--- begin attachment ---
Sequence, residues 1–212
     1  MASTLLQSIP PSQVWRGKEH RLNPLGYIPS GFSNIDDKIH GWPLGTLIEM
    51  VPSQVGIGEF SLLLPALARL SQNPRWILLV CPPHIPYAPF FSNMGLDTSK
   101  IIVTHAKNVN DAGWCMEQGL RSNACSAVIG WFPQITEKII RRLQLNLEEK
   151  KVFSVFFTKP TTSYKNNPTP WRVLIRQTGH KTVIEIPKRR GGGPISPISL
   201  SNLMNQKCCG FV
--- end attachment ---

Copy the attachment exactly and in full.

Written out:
Sequence, residues 1–212
     1  MASTLLQSIP PSQVWRGKEH RLNPLGYIPS GFSNIDDKIH GWPLGTLIEM
    51  VPSQVGIGEF SLLLPALARL SQNPRWILLV CPPHIPYAPF FSNMGLDTSK
   101  IIVTHAKNVN DAGWCMEQGL RSNACSAVIG WFPQITEKII RRLQLNLEEK
   151  KVFSVFFTKP TTSYKNNPTP WRVLIRQTGH KTVIEIPKRR GGGPISPISL
   201  SNLMNQKCCG FV